« Last Edit: November 26, 2019, 01:05:45 PM by AlUpstateNY »

Offline CalhounLJ

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Re: Winding the Clock after a First Down Gained.
« Reply #163 on: November 26, 2019, 01:17:52 PM »
Lol. If a butterfly flaps his (or her) wings in Africa, does that trigger a tsunami in Indonesia?


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Offline NVFOA_Ump

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Re: Winding the Clock after a First Down Gained.
« Reply #164 on: November 27, 2019, 10:24:50 AM »
I tend to find the "game time" references totally irrelevant to the what, why, and how we do things.  The real variables that directly impact the length of all games are:

1.  Total points scored
2.  Total flags thrown
3.  Total number of runs ending out of bounds
4.  Total number of INC forward passes
5.  Total number of team TO's used in the game
6.  Total number of clock stoppages for injured players.
7.  etc.

Considering "saving" a few seconds on a 1st down RFP IMHO is tilting at windmills and serves no real purpose other than having videos that the losing team coach sent in following a 22-20 game where the clock ran out with his team approaching field goal range and the R has been winding on 1st downs like he's running late for something.  Not a good look when A is at the line ready to go following a 1st down, and the clock "runs out" with the U still holding the ball.
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Offline Magician

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Re: Winding the Clock after a First Down Gained.
« Reply #165 on: December 02, 2019, 01:23:52 PM »
I tend to find the "game time" references totally irrelevant to the what, why, and how we do things.  The real variables that directly impact the length of all games are:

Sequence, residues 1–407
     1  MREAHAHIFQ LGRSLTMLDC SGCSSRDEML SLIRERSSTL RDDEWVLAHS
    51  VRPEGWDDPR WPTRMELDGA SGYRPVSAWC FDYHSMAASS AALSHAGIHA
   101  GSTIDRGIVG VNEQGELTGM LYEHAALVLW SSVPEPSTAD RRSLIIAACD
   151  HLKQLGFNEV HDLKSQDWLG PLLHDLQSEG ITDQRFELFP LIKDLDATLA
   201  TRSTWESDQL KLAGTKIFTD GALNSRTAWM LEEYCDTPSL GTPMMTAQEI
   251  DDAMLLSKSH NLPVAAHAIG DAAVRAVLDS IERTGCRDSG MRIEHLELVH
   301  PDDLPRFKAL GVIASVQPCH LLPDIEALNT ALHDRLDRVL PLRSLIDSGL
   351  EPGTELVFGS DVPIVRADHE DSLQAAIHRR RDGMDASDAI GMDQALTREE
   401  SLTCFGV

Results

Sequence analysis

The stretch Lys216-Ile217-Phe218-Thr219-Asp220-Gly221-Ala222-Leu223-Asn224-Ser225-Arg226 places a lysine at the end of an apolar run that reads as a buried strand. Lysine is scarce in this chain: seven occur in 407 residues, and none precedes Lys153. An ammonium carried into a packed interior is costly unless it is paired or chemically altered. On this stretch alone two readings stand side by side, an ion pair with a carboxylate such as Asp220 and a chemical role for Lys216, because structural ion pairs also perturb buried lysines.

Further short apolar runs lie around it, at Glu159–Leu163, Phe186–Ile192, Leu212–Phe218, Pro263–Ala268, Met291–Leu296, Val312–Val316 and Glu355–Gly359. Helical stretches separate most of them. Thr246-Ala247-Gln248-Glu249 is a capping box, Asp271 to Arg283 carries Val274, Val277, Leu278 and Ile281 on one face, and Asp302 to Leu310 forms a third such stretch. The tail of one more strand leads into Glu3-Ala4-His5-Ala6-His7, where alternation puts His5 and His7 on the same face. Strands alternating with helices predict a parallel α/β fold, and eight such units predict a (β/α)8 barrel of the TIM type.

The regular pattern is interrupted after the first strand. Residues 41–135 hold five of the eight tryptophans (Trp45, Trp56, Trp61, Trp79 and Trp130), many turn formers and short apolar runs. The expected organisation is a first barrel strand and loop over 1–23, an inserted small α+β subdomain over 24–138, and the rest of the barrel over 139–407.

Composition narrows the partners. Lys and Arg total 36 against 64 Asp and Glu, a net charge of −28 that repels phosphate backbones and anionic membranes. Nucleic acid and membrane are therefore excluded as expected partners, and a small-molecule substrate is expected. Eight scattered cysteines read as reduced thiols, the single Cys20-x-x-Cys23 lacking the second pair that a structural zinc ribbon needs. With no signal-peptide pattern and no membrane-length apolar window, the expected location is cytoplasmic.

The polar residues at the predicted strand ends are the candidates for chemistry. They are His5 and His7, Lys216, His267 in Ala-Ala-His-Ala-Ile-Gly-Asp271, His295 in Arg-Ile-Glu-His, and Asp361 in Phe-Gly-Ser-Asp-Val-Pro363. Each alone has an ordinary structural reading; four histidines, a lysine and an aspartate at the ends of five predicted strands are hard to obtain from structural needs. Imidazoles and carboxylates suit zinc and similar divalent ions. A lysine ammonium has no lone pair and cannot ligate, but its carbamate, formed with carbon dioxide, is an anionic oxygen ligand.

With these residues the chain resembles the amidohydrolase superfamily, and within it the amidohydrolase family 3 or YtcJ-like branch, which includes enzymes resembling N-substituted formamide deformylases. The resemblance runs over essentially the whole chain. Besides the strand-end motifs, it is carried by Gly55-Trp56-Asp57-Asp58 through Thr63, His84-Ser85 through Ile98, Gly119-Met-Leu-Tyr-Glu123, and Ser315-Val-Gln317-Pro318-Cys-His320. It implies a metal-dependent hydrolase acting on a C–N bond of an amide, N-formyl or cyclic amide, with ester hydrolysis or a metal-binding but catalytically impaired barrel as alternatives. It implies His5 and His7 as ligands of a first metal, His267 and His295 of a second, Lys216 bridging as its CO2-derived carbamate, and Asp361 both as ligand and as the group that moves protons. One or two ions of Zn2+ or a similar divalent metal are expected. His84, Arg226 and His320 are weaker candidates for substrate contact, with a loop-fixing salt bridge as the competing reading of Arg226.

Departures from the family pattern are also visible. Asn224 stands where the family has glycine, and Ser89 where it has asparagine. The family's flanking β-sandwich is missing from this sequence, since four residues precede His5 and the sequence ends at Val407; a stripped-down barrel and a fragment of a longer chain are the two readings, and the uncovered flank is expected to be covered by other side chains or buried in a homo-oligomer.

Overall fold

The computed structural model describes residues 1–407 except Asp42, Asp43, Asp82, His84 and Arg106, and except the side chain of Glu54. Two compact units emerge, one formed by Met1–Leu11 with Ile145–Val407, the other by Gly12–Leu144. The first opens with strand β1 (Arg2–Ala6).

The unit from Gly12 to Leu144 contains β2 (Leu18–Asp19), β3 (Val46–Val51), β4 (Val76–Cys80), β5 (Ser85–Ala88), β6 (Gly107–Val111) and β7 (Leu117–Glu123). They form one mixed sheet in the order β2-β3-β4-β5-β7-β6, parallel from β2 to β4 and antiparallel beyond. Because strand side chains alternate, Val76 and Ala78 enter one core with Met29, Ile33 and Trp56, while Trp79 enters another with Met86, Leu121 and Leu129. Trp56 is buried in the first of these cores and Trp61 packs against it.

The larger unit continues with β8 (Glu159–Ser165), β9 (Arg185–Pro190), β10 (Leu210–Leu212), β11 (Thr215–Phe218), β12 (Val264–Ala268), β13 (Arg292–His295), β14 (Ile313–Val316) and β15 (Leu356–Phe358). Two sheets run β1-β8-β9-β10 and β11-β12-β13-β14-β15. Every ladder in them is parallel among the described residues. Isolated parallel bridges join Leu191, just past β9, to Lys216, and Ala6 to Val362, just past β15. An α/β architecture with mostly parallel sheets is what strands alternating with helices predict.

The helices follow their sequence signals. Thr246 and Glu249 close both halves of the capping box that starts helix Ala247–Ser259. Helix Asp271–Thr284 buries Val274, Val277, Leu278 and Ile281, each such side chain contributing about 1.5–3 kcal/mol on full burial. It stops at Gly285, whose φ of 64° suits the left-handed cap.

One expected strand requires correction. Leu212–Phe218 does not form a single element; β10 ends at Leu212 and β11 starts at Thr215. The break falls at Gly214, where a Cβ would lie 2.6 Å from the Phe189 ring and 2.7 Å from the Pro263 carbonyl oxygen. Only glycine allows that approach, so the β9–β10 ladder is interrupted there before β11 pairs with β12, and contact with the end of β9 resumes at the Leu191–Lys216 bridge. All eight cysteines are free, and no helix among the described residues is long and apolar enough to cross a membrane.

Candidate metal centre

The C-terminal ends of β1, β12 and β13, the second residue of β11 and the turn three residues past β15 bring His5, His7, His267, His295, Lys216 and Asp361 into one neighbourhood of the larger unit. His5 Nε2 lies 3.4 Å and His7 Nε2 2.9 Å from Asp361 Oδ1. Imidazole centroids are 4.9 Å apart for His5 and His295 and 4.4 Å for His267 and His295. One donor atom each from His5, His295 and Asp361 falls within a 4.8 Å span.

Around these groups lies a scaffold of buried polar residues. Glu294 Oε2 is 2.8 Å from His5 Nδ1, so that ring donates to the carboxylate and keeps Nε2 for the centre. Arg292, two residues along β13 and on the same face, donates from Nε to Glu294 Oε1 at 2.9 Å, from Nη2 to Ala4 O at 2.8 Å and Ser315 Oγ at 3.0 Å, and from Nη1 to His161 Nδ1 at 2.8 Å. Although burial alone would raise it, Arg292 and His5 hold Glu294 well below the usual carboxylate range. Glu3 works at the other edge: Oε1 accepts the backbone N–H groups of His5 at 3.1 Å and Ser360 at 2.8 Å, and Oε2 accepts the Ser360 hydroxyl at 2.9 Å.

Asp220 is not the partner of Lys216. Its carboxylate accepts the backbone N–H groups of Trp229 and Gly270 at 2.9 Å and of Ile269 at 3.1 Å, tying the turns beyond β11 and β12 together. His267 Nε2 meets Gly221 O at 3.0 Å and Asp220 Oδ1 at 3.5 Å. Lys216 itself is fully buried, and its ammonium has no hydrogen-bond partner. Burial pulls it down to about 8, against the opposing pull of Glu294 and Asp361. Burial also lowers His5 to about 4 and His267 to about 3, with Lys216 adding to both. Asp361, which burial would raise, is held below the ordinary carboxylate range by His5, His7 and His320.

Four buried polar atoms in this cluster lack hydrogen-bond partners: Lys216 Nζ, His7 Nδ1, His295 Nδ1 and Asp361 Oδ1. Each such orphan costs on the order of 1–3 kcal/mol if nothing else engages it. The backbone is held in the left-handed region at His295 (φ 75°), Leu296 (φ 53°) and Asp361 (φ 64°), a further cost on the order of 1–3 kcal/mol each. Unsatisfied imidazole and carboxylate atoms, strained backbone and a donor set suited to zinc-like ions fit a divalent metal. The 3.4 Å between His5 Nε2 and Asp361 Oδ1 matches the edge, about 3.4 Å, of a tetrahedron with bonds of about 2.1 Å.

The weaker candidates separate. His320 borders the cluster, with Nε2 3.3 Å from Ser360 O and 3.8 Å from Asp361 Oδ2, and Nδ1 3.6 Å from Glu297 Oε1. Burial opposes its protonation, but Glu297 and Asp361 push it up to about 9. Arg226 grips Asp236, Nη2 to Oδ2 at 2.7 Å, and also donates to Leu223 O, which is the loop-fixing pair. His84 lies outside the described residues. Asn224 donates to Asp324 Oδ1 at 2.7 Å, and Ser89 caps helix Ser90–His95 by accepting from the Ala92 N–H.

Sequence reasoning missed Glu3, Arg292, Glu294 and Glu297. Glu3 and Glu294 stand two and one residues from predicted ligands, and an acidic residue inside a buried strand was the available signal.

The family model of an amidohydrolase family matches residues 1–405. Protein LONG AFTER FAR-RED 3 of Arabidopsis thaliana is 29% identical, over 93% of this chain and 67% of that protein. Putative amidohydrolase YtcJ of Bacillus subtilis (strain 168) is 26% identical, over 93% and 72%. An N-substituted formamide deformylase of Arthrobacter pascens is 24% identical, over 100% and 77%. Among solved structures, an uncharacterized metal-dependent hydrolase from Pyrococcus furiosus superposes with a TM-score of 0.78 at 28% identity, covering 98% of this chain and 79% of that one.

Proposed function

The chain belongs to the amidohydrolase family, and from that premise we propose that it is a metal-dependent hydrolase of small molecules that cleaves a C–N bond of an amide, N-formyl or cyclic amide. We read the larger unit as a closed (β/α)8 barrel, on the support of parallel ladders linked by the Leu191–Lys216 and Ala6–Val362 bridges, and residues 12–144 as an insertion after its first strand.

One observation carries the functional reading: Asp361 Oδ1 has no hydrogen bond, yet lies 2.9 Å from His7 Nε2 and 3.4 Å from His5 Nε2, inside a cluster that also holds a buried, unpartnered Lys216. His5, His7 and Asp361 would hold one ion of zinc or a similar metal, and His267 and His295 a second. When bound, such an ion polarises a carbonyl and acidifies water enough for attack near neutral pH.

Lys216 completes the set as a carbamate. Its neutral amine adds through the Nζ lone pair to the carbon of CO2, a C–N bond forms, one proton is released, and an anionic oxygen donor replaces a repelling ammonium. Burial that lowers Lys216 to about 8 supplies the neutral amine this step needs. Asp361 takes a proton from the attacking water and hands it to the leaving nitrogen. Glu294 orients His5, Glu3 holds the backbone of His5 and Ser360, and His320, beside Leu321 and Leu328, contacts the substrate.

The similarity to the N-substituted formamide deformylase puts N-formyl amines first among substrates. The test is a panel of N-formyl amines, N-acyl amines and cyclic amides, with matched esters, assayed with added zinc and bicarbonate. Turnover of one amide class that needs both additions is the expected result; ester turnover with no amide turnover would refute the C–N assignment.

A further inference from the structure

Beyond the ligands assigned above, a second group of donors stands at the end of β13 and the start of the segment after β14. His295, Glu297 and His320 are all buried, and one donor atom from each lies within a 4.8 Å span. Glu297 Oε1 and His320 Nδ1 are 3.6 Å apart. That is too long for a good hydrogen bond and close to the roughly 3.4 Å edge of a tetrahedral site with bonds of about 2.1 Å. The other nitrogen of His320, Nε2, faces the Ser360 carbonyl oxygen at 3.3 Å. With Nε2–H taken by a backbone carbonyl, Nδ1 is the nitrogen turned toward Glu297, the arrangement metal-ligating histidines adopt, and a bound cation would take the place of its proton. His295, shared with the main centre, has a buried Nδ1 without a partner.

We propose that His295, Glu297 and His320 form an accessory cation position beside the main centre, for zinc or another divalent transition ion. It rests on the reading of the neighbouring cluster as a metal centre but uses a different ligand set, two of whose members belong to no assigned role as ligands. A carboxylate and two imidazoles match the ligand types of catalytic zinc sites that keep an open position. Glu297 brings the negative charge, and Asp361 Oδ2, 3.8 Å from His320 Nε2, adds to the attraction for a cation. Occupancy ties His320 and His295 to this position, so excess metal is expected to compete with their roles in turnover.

1.  Total points scored
2.  Total flags thrown
3.  Total number of runs ending out of bounds
4.  Total number of INC forward passes
5.  Total number of team TO's used in the game
6.  Total number of clock stoppages for injured players.
7.  etc.

Considering "saving" a few seconds on a 1st down RFP IMHO is tilting at windmills and serves no real purpose other than having videos that the losing team coach sent in following a 22-20 game where the clock ran out with his team approaching field goal range and the R has been winding on 1st downs like he's running late for something.  Not a good look when A is at the line ready to go following a 1st down, and the clock "runs out" with the U still holding the ball.

You don't do that when time is critical at the end of a half. Then you follow the rule very specifically. I'm not sure if there is a hard and fast rule for when you do that but the referee should have a good feel for when to do that in a game.

I have no problem if a crew wants to follow the rule closely throughout a game but for efficiency purposes doing it a little early is not a bad thing and fairly normal. It doesn't have a huge impact overall on the length of the game.

Offline refjeff

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Re: Winding the Clock after a First Down Gained.
« Reply #166 on: December 02, 2019, 03:57:01 PM »
You don't do that when time is critical at the end of a half. Then you follow the rule very specifically. ...
  As part of our game management, we try to apply the rules correctly and use proper mechanics all of the time, not just when people are paying attention.


Offline PABJNR

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Re: Winding the Clock after a First Down Gained.
« Reply #167 on: December 02, 2019, 05:03:25 PM »
Guy #1 - Hey is that horse breathing

Guy #2 - No hasnít took a breath for weeks

Guy #1 - Here hold my beer.

Guy #1 takes out club hits horse

Guy #2 - I said that horse hasnít took a breath for weeks.

Guy #1 - Youíre right I better give it one more just to make sure.


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Offline Magician

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Re: Winding the Clock after a First Down Gained.
« Reply #168 on: December 04, 2019, 05:45:40 PM »
  As part of our game management, we try to apply the rules correctly and use proper mechanics all of the time, not just when people are paying attention.

You do realize the coaches are well aware of this and have no issue with it? This is how the play clock is managed at every level and with very similar rules being applied. It's called philosophy and officiating WITH the rules and not BY the rules. If your state/assigner/association tells you to wait for the ready for play every time throughout the game then you need to do that.